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A Journal on Cardiac, Vascular and Thoracic Surgery

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Journal of Cardiovascular Surgery 2009 June;50(3):313-21

language: English

Other endovascular methods of treating the diabetic foot

Peeters P. 1, Keirse K. 1, Verbist J. 1, Deloose K. 2, Bosiers M. 2

1 Department of Cardiovascular and Thoracic Surgery Imelda Hospital, Bonheiden, Belgium
2 Department of Vascular Surgery, AZ St-Blasius Dendermonde, Belgium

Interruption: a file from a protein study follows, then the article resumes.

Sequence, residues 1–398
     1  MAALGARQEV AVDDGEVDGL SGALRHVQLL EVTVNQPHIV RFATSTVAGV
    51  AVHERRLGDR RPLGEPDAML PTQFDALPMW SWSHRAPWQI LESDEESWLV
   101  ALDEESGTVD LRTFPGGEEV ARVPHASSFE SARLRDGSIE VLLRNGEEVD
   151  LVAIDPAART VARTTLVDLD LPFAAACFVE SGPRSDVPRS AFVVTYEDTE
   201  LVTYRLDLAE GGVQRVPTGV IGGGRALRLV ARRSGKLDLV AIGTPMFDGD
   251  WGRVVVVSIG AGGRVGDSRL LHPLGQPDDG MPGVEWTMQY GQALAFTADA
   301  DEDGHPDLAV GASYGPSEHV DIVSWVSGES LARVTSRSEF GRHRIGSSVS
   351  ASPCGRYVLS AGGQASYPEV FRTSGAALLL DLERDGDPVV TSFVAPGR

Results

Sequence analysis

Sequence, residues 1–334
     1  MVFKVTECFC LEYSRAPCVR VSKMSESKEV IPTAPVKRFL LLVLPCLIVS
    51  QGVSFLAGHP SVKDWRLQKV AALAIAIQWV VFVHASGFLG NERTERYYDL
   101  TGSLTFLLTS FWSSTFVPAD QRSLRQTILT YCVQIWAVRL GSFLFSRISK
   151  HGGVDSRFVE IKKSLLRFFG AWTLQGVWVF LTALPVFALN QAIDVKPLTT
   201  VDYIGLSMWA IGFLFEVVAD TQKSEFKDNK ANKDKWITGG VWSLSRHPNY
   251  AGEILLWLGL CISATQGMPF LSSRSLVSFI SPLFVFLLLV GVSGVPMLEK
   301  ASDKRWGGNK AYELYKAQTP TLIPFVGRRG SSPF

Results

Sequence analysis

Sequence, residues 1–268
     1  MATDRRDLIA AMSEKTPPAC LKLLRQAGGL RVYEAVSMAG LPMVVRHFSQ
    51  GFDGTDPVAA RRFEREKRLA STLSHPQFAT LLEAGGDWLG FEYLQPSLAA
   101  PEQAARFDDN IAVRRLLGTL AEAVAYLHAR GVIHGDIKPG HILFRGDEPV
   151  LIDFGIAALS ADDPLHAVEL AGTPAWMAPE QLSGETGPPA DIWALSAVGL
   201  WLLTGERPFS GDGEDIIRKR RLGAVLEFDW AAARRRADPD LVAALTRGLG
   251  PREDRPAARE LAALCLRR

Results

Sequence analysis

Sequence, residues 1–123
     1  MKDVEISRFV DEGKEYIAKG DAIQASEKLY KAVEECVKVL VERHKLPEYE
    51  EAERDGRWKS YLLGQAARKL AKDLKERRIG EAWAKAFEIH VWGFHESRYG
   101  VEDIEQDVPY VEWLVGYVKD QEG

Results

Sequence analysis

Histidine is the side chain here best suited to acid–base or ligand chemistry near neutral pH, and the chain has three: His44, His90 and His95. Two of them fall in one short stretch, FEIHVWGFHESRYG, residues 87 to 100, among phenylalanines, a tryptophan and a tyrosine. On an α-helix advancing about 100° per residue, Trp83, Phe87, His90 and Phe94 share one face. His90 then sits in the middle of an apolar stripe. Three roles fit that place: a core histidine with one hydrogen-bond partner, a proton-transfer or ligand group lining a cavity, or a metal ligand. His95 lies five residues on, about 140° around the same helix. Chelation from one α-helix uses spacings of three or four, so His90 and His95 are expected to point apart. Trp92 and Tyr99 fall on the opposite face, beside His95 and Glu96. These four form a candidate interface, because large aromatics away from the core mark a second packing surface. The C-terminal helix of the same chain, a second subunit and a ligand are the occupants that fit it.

Critical limb ischemia (CLI) is an endstage manifestation of peripheral artery disease (PAD) and typically describes patients with ischemic rest pain (Rutherford Category 4), or patients with ischemic skin lesions, either ulcers or gangrene (Rutherford Category 5-6). CLI due to infrapopliteal lesions is often not a good indication for infrageniculate bypass surgery placement, due to the presence of prohibitive comorbidities, inadequate conduit, and lack of suitable distal targets for revascularization. Therefore, CLI patients due to blockage of below-the-knee arteries are in benefit of the endovascular approach. Infrapopliteal PTA became feasible with the introduction of low-profile peripheral balloon systems and the use of coronary balloons. Stent implantation, however, is generally reserved for cases with a suboptimal outcome after PTA (i.e. >50% residual stenosis, flow-limiting dissection). Because of the fear that early thrombosis and late luminal loss due to intimal hyperplasia formation will potentially lead to insufficient long-term patency rates, efforts to extend the range of endovascular approaches to CLI are presently focused on. Cryoplasty, scoring balloon angioplasty, excimer laser therapy and atherectomy using different types of atherectomy devices have been introduced. The current article provides an overview of the endovascular treatment strategies for infrapopliteal lesions in patients with CLI.

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